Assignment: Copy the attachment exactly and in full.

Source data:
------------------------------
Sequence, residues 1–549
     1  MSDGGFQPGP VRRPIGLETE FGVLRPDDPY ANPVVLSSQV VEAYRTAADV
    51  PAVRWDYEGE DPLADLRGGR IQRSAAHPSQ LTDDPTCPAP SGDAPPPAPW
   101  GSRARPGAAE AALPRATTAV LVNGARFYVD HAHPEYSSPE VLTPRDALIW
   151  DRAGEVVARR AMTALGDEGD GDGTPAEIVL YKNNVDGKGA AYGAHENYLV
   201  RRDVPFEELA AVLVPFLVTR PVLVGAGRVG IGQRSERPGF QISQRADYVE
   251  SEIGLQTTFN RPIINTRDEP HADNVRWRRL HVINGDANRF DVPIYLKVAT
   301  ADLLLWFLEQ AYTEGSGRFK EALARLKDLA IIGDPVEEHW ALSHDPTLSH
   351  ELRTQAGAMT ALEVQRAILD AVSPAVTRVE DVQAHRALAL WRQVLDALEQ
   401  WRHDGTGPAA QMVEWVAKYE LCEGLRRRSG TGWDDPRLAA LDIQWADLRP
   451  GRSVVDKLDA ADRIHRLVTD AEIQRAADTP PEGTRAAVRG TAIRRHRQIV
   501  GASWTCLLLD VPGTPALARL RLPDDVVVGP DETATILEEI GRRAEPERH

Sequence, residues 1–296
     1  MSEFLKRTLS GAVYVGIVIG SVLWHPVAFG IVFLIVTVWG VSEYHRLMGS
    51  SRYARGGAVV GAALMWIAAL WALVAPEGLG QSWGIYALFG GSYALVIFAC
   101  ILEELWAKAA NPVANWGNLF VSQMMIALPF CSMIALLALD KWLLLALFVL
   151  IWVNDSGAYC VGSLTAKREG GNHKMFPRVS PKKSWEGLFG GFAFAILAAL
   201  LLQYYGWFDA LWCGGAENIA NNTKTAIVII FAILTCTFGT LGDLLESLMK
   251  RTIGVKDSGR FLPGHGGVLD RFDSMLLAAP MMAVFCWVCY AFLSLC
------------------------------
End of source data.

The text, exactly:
Sequence, residues 1–549
     1  MSDGGFQPGP VRRPIGLETE FGVLRPDDPY ANPVVLSSQV VEAYRTAADV
    51  PAVRWDYEGE DPLADLRGGR IQRSAAHPSQ LTDDPTCPAP SGDAPPPAPW
   101  GSRARPGAAE AALPRATTAV LVNGARFYVD HAHPEYSSPE VLTPRDALIW
   151  DRAGEVVARR AMTALGDEGD GDGTPAEIVL YKNNVDGKGA AYGAHENYLV
   201  RRDVPFEELA AVLVPFLVTR PVLVGAGRVG IGQRSERPGF QISQRADYVE
   251  SEIGLQTTFN RPIINTRDEP HADNVRWRRL HVINGDANRF DVPIYLKVAT
   301  ADLLLWFLEQ AYTEGSGRFK EALARLKDLA IIGDPVEEHW ALSHDPTLSH
   351  ELRTQAGAMT ALEVQRAILD AVSPAVTRVE DVQAHRALAL WRQVLDALEQ
   401  WRHDGTGPAA QMVEWVAKYE LCEGLRRRSG TGWDDPRLAA LDIQWADLRP
   451  GRSVVDKLDA ADRIHRLVTD AEIQRAADTP PEGTRAAVRG TAIRRHRQIV
   501  GASWTCLLLD VPGTPALARL RLPDDVVVGP DETATILEEI GRRAEPERH

Sequence, residues 1–296
     1  MSEFLKRTLS GAVYVGIVIG SVLWHPVAFG IVFLIVTVWG VSEYHRLMGS
    51  SRYARGGAVV GAALMWIAAL WALVAPEGLG QSWGIYALFG GSYALVIFAC
   101  ILEELWAKAA NPVANWGNLF VSQMMIALPF CSMIALLALD KWLLLALFVL
   151  IWVNDSGAYC VGSLTAKREG GNHKMFPRVS PKKSWEGLFG GFAFAILAAL
   201  LLQYYGWFDA LWCGGAENIA NNTKTAIVII FAILTCTFGT LGDLLESLMK
   251  RTIGVKDSGR FLPGHGGVLD RFDSMLLAAP MMAVFCWVCY AFLSLC